The whole secret is absolute accuracy
Synopsis: In this excerpt from The Fine Art of Cabinetmaking, James Krenov says that when done right and used in a sensible relationship to the piece, to its character, and its aims, doweling is a very good way of putting cabinets and even chairs together. However, bad results can increase our doubts. Krenov issues a series of maxims and then defends or explains them, such as when it’s right not to use dowels, the importance of accuracy, drill selection, and the art of making jigs. He also discusses gluing and safety measures.
There is a lot of misunderstanding about doweling. While it is a widely used method in industry, rather little is known about it among craftsmen, at least in America; in Europe it is more commonly used. Because doweling is not visible as a joint, some craftsmen tend to be suspicious of it. When we use this technique without proper knowledge we use it badly, with bad results that increase our doubts.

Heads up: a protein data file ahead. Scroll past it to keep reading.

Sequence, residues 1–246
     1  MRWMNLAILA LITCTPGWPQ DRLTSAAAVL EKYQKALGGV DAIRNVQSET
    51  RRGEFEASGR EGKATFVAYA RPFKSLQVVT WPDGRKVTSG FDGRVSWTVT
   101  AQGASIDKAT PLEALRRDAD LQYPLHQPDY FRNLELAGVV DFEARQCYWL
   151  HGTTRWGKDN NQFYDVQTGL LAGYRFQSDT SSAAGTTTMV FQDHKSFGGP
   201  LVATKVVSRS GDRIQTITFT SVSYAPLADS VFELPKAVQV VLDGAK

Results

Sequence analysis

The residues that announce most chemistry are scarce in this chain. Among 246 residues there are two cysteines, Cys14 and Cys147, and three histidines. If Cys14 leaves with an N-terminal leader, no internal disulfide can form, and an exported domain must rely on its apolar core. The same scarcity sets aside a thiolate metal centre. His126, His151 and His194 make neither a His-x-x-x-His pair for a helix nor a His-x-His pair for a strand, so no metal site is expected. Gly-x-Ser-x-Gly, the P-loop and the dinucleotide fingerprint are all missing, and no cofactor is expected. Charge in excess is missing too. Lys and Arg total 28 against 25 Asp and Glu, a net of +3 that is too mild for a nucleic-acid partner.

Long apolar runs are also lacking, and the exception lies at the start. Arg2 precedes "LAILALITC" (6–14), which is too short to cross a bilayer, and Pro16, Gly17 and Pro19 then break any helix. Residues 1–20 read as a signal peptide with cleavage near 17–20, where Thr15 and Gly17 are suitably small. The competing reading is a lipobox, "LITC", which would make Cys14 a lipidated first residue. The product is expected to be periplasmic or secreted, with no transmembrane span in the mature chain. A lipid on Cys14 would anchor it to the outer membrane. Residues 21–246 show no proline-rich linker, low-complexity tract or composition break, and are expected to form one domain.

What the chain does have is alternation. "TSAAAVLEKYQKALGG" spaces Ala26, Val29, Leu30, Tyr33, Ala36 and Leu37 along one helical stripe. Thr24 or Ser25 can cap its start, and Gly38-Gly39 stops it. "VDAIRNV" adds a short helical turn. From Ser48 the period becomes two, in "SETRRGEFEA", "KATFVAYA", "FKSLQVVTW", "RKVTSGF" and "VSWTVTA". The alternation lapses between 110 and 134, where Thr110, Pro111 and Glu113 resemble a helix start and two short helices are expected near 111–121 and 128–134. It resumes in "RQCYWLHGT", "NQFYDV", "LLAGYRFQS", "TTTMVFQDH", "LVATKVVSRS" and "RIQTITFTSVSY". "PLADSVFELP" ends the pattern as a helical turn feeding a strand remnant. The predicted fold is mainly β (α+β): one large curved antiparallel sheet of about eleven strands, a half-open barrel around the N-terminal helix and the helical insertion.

By its nature, doweling is not convincing; the eye does not see how this joint is put together, and there is no pattern there to reassure you that those pieces of wood will stay together. When done right and used in a sensible relationship to the piece, to its character and its aims, doweling is a very good way of putting cabinets and even chairs together. It is primarily a commercial or production way of joining pieces, which I suppose is a part of our prejudice against it.
The cabinetmaker’s use of doweling should always be a matter of judgment. If you are making a seaman’s chest that is going to be thrown downstairs or onto a ship, or a solid wood piece where other joints, visible and decorative, would be better, then use other joints.…